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  • Writer's pictureSylvain Lupari

HYPNOSPHERE: Timedrift (2014)

Updated: May 16, 2020

Fan of retro progressive Berlin School, you're gonna love this one

1 Trancenter 18:38

2 Spherical Movement 6:41

3 Escape from Dissonance 12:40

4 Ardent Drive 13: 22

5 Emphasis 11:03

6 Time Drift 13:26

(CD 73:00) (V.F.)

(Vintage Berlin School)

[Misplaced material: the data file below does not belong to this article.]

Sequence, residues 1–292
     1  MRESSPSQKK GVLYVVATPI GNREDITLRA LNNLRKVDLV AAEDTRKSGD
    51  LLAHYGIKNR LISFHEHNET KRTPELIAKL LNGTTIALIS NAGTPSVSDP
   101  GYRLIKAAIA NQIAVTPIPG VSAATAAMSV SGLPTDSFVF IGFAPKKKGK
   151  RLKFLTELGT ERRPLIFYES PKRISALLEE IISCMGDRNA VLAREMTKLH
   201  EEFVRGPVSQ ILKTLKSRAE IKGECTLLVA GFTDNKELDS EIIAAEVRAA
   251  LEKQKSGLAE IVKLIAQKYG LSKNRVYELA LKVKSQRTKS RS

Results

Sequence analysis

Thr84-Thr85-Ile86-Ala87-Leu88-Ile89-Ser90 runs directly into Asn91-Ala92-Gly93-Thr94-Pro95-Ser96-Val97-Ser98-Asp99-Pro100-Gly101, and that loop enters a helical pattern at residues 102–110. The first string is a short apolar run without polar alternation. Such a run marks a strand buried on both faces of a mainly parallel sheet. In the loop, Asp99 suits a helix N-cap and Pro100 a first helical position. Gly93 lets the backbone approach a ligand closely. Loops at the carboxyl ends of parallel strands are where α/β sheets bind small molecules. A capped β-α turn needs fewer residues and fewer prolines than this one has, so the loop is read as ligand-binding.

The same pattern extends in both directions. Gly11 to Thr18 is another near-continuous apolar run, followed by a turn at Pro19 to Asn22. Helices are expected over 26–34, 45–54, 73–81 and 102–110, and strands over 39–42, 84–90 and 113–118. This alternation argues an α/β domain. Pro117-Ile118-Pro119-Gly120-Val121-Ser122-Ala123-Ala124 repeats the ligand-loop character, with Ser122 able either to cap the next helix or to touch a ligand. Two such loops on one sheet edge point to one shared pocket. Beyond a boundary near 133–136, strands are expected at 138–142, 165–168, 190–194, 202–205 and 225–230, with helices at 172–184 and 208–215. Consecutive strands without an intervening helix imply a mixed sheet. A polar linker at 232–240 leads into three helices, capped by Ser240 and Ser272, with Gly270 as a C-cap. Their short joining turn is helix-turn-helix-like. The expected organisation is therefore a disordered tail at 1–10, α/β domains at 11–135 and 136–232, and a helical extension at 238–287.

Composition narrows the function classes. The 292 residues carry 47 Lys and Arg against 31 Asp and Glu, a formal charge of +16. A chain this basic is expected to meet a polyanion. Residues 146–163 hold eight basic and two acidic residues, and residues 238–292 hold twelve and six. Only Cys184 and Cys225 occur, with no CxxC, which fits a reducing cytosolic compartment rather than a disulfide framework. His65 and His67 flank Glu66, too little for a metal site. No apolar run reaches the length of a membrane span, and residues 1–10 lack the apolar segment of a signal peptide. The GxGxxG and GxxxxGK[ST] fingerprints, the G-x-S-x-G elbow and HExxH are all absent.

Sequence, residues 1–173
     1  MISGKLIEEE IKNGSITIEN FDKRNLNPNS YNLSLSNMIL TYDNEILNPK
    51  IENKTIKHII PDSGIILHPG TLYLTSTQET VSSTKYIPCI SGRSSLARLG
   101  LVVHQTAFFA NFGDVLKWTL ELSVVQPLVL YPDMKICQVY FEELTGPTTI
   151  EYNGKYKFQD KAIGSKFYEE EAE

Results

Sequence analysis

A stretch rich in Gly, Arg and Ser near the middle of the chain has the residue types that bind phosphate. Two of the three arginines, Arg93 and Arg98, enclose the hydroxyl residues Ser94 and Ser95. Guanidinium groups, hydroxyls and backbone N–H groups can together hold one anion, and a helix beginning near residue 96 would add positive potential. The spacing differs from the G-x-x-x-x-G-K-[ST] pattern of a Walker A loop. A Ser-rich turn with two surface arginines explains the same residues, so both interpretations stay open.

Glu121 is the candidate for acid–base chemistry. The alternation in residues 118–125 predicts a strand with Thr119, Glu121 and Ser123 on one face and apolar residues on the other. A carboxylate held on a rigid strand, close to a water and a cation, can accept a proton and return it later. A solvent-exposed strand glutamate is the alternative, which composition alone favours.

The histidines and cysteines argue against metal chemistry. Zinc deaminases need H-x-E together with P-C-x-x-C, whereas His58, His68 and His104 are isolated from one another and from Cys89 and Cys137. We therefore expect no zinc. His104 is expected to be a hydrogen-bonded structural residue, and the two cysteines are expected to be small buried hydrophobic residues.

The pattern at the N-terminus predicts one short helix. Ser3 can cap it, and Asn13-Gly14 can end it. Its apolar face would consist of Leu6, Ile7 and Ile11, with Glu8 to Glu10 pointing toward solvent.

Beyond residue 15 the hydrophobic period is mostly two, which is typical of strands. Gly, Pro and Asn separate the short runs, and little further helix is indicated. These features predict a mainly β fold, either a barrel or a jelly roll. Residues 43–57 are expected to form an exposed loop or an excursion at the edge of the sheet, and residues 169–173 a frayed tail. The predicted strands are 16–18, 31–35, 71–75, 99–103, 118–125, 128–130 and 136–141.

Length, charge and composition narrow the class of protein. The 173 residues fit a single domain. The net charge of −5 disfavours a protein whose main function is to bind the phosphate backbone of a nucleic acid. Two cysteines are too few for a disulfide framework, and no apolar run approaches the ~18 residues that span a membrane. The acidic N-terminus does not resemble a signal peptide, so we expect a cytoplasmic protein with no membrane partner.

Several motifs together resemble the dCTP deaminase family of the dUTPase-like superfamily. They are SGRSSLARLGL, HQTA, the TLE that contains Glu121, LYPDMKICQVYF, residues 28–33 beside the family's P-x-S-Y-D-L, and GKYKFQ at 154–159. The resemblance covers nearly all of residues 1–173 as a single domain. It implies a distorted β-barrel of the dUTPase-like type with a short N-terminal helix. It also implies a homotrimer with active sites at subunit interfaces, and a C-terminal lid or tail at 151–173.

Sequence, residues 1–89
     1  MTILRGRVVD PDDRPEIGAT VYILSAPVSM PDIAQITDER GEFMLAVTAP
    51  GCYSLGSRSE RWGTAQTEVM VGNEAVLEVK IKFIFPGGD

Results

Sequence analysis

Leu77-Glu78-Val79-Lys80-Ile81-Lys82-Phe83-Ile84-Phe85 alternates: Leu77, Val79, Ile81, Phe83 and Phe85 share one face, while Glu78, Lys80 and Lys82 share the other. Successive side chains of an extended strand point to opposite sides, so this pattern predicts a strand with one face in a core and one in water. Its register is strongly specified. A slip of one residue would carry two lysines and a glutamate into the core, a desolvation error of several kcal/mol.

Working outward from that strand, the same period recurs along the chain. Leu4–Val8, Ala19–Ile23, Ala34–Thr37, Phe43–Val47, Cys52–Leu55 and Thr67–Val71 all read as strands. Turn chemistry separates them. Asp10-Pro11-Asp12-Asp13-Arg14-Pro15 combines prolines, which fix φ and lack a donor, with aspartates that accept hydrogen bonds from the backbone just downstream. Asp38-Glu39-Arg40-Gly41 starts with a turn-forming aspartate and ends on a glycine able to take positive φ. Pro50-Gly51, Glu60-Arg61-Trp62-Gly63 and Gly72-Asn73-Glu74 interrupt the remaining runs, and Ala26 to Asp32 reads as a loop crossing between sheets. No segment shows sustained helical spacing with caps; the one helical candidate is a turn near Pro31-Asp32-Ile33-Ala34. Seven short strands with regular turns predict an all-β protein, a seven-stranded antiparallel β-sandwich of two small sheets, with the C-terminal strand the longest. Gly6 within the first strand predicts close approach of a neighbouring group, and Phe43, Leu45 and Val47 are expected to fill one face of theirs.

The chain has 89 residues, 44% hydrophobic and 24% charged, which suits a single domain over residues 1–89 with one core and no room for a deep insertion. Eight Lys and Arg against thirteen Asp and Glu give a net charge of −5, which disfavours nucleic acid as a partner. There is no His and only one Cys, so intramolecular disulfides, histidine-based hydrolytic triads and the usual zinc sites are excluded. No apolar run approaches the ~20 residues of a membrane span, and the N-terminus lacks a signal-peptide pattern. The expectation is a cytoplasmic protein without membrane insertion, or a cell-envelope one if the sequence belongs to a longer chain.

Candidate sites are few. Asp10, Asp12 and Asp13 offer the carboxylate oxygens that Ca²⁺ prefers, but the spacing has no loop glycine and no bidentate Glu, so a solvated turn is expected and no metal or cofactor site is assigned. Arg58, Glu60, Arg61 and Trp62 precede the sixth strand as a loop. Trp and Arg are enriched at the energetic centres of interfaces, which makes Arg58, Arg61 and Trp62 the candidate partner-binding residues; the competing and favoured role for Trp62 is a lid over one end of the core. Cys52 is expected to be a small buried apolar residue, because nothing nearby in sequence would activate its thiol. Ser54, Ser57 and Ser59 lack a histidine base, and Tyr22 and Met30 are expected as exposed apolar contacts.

After a hiatus of 7 years, the Hypnosphere duo returns to cuddle our ears with a pure wonder of EM from the analog times. Establishing wonderfully the limits and the evolutions of an album which transits between a psychedelic cosmic rock and some rather ambient phases, Lambert Ringlage, owner of the label Spheric Music, and Wolfgang Barkowski present in TIMEDRIFT an album to which is tasted like a complex work with surprises that abound where we least expect it. And if you're a fan of retro Berlin School, you're going to love it! We listen absently, I always start this way to coax an album, by reading a book or by trying a dodo. And we have the vague sensation of hearing Tangerine Dream from the Encore years. The misty atmospheres, the soft and ambient rhythms that just skip from the tip of their sequences, as well as these guitar and synth duels that torment psychedelic-progressive atmospheres make of TIMEDRIFT one of the beautiful surprises in the section of the unexpected in 2014.